Rodrigo Sarlo is an assistant professor in the Department of Civil and Environmental Engineering. His program area is in Structural Engineering and Materials. He received his MS and PhD degree in Mechanical Engineering from Virginia Tech. Sarlo’s research interests lie in the areas of vibrations and structural dynamics, structural health monitoring, digital twins, data-driven methods, sensing and data fusion. He received TLOS XCaliber Award for Teaching in 2021 and was the finalist in 2021 Smart City Works Smart City Challenge. He was a Graduate Fellow at American Society for Nondestructive Testing, 2017 and a Hord Fellow, Virginia Tech Mechanical Engineering, 2015.
Sarlo says: "I have recently gotten pretty involved in AR research related to bridge inspection (in collaboration with Joe Gabbard). As part of this research, we are exploring how to integrate AI and computer vision into the AR interface and how to structure human supervision of the AI tasks in a way that maximizes performance. In addition, I recently got another grant through Commonwealth Cyber Initiative (CCI) on building trustworthy HCI in this domain. Having access to the CHCI resources as well as connecting with its members would be a great benefit.”
Abby Walker is an associate professor of linguistics in the Department of English. She is the head of the Language Sciences Program in the Department of English, and a co-director of The Speech Lab (in Shanks Hall), which is part of VTLx, an informal network of VT faculty whose research and teaching involves linguistics and language sciences. Walker is an Associate Editor for the Journal of Laboratory Phonology.
Walker investigates the ways in which individuals change their speech in the moment (depending on who they are talking to or what they are talking about) and over time (because of changes in their community, or because they changed communities); the mechanisms behind cross-dialectal speech perception; and the social evaluation of language. Walker says: "As a linguist, I'm interested in the way we use language - especially speech - to interact with computers, and the impact that has on individuals and their engagement and access to computer-assisted technologies, but also the impact it may have on their language.”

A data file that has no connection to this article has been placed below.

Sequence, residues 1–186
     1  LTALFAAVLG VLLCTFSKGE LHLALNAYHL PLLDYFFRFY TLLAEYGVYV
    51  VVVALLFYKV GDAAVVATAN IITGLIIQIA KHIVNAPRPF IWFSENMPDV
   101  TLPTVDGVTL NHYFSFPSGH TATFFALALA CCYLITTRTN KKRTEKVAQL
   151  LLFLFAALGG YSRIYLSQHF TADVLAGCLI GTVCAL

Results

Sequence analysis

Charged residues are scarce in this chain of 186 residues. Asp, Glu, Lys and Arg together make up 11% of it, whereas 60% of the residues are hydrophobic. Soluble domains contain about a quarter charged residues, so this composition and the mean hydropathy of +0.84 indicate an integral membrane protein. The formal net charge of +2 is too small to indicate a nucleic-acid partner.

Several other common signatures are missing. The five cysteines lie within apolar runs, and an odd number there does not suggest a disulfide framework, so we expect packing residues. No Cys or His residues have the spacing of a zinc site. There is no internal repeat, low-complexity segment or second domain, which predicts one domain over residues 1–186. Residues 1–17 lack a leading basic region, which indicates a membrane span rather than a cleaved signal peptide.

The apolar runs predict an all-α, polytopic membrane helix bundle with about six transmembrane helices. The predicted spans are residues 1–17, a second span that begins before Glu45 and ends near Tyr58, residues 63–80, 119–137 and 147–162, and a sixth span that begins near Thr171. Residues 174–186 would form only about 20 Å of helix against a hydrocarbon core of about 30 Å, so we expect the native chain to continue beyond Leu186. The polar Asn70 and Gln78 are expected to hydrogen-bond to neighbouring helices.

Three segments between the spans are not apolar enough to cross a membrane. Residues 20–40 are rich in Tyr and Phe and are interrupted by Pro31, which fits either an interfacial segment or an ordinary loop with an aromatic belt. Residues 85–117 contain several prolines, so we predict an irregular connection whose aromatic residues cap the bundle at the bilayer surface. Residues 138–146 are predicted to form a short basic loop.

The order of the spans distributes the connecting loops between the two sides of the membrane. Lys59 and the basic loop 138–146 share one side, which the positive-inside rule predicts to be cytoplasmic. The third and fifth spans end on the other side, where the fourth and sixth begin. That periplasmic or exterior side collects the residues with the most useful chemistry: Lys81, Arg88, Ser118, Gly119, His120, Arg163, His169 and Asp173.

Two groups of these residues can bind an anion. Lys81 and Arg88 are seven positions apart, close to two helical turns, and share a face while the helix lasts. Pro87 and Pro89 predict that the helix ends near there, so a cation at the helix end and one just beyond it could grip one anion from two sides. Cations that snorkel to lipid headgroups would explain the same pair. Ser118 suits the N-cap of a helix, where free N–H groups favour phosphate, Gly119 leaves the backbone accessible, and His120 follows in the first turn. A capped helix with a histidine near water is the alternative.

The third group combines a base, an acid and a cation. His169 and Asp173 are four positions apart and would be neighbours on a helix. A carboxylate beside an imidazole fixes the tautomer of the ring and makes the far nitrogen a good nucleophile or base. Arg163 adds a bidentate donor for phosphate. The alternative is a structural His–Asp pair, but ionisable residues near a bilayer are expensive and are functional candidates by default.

Ruichuan Zhang is an assistant professor in the Myers-Lawson School of Construction. Zhang earned both his PhD degree in Civil Engineering with Computational Science and Engineering concentration and MS degree in Civil Engineering from the University of Illinois Urbana-Champaign. He earned his BM degree in Management Science and Engineering from the Central University of Finance and Economics in China. He has research interests in data analytics and artificial intelligence for resilient and sustainable built environments, including machine learning, natural language processing and understanding, building information modeling (BIM) and digital twins, Internet of things (IoT), and human-centered approaches.
Zhang says: "My research focuses on machine learning, natural language processing and understanding, and human-centered approaches for design, construction, and operation of smart and sustainable built environments. My current work with my graduate students draws on HCI research: for example, we are developing biophilic design strategies for senior housing using generative models and simulating daily activities for elderly people with such design strategies; we are collecting environmental data and construction activity data using Internet of things (IoT) technologies and analyzing their causal and/or temporal relations. Our work will contribute to HCI research in that it will allow humans (e.g., residents and construction workers) to better interact with computers and computer-supported built environments to improve their quality of life.”